JP Morgan co-COO Bisignano quits for First Data

JP Morgan co-COO Bisignano quits for First Data

JP Morgan Chase co-chief operating officer Frank Bisignano has left the bank to take over as CEO at payments processor First Data.

Bisignano takes on the new role with immediate effect, replacing Ed Labry, who has been acting as interim CEO since January, when former chief Jon Judge retired on health grounds. Labry will continue in his role as president of retail and alliance services.

Bisignano joined JP Morgan Chase in 2005 and as co-COO oversaw global technology, real estate, operations, procurement, compliance, regulatory control and oversight, resiliency, security and safety, and general services for all of the bank's businesses in over 60 countries.

Before that he spent three years as CEO of Citigroup's Global Transactions Services business and was also the bank's firm-wide deputy head of technology and operations.

Joe Forehand, chairman, First Data, says: "Frank has a proven track record of catalysing positive change on a global business operating in a dynamic industry. At Citigroup, he built - from the ground up - the largest transaction services business in the world and oversaw the largest technological and operations businesses in the financial services industry."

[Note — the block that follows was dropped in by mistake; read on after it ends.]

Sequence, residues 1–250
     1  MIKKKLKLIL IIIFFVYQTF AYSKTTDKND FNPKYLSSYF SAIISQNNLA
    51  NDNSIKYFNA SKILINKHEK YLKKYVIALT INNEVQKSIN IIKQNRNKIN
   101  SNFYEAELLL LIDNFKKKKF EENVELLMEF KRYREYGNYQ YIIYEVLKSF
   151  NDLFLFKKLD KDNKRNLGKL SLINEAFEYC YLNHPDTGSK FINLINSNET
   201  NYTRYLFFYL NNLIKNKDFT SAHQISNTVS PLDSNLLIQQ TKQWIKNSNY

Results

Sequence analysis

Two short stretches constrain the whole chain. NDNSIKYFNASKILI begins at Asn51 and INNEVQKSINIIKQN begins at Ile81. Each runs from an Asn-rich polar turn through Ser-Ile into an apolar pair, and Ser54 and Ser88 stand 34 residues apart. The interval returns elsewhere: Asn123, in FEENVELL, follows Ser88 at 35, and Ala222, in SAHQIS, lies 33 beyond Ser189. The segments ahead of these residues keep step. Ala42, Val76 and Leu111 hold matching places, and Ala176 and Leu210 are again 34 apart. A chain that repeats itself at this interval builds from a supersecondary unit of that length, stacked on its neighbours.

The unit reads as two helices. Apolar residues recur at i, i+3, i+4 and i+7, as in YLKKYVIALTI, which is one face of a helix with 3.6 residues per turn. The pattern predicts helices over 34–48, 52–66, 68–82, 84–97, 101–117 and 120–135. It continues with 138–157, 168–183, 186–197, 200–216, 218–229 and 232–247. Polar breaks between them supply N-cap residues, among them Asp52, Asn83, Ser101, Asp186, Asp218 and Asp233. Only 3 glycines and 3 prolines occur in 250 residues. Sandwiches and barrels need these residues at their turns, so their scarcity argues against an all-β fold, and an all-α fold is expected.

Bisignano adds: "New technological advances are impacting the payments industry every day, making life easier for our partners, our merchants and consumers. First Data can and should lead the way when it comes to offering the most innovative solutions and service."

Bisignano is the latest in a long line of senior execs to leave JP Morgan over the last 18 months in the wake of the London Whale trading scandal. His departure is being widely interpreted as a boost for his former co-COO, Matt Zames, who will now act as sole chief operating officer and is seen as a favourite to succeed Jamie Dimon as CEO.

Comments: (1)

A Finextra member
A Finextra member 29 April, 2013, 12:03Be the first to give this comment the thumbs up 0 likes

Frank is one of the few execs worthy of respect when he was at Citi.  Much of the place was like the wild, wild west, with horrificly bad management.  He had zero tolerance for the nonsense, and was a voice of sanity amid the madness and lack of control during the Chucky Prince era.

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